Now more than ever it is essential that we stop turning a blind eye to dubious business practice. The more we value our industry, the more the public and politicians will value us. If we are prepared to work for nothing we send a signal to the country that we are not worth paying.

  • The special Low pay/no pay issue of The Stage goes on sale on Thursday, July 7.

8 Comments

Refreshing, and full of common sense!

If we have quality instead of quantity then everyone wins. Casting directors and agents might even be tempted to come and see fringe shows again.

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It won't happen. If you force national minimum wage and National Insurance onto acting companies then the government would be obliged to pay jobseekers allowance to 'professional actors' when searching for work in theatre, which even for the successful ones is a lot of the time.

What is made difficult is the definition of 'professional actor' ... if you take time off from your day job to do a fringe show and you're unpaid when it's not profitable, doesn't that make you technically an amateur because what you are doing is rehearsing and performing for free in your spare time?

Needs more thinking before implementation.

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Thanks for your comment Molly

Its already a legal requirement to pay actors minimum wage and NI etc. This isn't new - 90% of the industry already does this. I am suggesting we become more active on enforcing the law onto the 10% that is currently working outside of it.

By the way many actors already claim job seekers when not acting.

" if you take time off from your day job to do a fringe show and you're unpaid when it's not profitable, doesn't that make you technically an amateur?" Yes it does. Thats why I say actors should not work on profit share contracts but should be paid minimum wage.

Also - when we pay actors to do their job, they don't need day jobs.

We can think all we want or we could actually do something.

I agree here on every point. The task is now to develop the model that will allow it.

Clearly the ideal situation is a massive increase in arm's length state subsidy. I believe this is eminently achievable, but not within the myopic limitations of the political establishment.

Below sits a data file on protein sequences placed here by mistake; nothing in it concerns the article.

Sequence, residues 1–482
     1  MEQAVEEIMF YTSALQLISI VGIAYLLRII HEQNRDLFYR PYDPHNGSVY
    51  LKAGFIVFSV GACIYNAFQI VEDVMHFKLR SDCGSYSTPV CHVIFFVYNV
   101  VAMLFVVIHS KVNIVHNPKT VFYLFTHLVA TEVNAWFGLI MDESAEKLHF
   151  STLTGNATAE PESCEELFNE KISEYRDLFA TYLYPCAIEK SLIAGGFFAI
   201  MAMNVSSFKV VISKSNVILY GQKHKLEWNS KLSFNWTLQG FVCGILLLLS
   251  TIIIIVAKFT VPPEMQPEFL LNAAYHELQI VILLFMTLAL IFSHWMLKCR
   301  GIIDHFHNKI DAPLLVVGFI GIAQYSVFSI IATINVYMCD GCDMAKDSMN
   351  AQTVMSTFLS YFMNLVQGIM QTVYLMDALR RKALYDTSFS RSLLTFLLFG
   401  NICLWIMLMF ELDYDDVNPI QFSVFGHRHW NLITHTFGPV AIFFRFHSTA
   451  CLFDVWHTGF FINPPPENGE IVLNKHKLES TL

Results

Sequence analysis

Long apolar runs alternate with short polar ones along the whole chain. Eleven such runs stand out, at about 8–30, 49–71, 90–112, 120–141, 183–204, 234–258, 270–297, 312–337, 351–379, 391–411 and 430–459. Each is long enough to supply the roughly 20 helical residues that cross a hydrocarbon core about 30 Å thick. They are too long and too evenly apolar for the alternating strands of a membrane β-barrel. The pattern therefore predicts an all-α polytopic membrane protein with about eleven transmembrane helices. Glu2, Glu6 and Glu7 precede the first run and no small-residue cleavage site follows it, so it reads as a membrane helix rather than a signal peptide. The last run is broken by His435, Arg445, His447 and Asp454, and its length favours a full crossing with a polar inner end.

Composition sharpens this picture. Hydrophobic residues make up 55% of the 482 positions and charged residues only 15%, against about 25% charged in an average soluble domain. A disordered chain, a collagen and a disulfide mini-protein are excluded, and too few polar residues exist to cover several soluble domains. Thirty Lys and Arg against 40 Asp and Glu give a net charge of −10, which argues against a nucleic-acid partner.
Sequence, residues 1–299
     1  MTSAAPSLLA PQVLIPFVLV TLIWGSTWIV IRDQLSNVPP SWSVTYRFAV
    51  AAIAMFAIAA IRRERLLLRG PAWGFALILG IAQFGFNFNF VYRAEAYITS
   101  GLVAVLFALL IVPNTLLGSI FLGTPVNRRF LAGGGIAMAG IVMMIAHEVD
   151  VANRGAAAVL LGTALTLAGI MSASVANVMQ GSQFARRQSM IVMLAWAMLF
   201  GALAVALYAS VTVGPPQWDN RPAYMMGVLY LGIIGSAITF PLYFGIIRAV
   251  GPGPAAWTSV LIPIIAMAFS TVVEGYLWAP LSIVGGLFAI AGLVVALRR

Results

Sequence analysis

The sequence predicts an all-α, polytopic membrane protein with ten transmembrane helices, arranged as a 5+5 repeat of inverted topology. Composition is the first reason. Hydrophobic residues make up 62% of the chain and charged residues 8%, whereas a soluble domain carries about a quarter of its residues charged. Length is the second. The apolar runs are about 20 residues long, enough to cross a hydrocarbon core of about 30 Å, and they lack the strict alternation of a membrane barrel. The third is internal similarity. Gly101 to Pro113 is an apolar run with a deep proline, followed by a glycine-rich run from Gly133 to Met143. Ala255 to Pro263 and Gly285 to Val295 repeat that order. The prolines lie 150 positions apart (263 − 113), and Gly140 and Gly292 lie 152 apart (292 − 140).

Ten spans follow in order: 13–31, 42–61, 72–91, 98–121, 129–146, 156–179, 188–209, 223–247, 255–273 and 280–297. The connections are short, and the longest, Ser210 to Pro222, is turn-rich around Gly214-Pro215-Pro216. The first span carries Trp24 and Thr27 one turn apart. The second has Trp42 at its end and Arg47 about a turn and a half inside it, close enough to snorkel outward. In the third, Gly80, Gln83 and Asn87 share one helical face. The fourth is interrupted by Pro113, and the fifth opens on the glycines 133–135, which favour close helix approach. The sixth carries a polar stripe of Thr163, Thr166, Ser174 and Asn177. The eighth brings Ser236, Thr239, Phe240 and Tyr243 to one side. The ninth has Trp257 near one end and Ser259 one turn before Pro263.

Pending the Revolution, I think there could be some mileage in the idea of a dual business model. Actors have, by necessity as much as training, a diverse transferable skill set. Fringe companies have the potential to exploit their members' combined abilities by operating, say, marketing or education concerns on the side. Actors could split their time between the company's rehearsal room and office. It's difficult, relies on the vagaries of the market, and doesn't by any means eliminate the ongoing requirement for philanthropic support, but it's something. A kind of integration of the day job into the professional work, with each element bringing, in combination, a legitimising aspect to the other.

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Was The Stage journalist who originally subbed this article paid or unpaid?

I only ask because either way they are an amateur. (An actor 'resting between jobs' putting a real journalist out of work, perhaps?)

This article was around for several days under the byline of an author who expressed views in a separate article which were pretty much dialectically opposed to the views expressed here. Makes you look like a pretty shonky fringe outfit, The Stage!

In terms of the article itself: Get Real! As get rich quick schemes /scams go, you'd have to be pretty stupid to plump for fringe theatre and grassroots filmmaking.

Of course Southwark Playhouse and Arcola are able to offer better terms and conditions: they are fringe theatres - not fringe of the fringe theatres.

Once you "professionalise" a fringe of the fringe theatre, a new grassroots operation - normally forged from the energy and dynamism of young people trying to make their name and those of the actors who work with them - pops up.

It's what makes our theatre scene so "vibrant" and world-beating.

Removing fringe of the fringe would simply mean that actors would have more time to do their paid jobs handing out leaflets dressed up as strawberries or working in call centres...

Beware of people who hold in front of you utopian visions of a world in which the life of a jobbing actor is not a struggle and be careful what you wish for.

This is all good politics, but I'm afraid a lot of it is unrealistic. It's not a legal requirement to pay actors the minimum wage. Most actors are self-employed. Self-employed people and volunteers are expressly excluded from minimum wage laws:

http://www.direct.gov.uk/en/Employment/Employees/TheNationalMinimumWage/DG_175114

I'm not saying that's a good thing. I'm saying it's a true thing. Campaign to change the law or the rules. Don't deceive people into believing they have rights they don't have. It's dangerous and irresponsible.

In any case, enforcing the minimum wage won't make fringe performers better paid. It's more likely to reduce any money paid to them because if profit share becomes illegal, no one will even try to pay it. If the law says they have to be volunteers, that's what they'll be.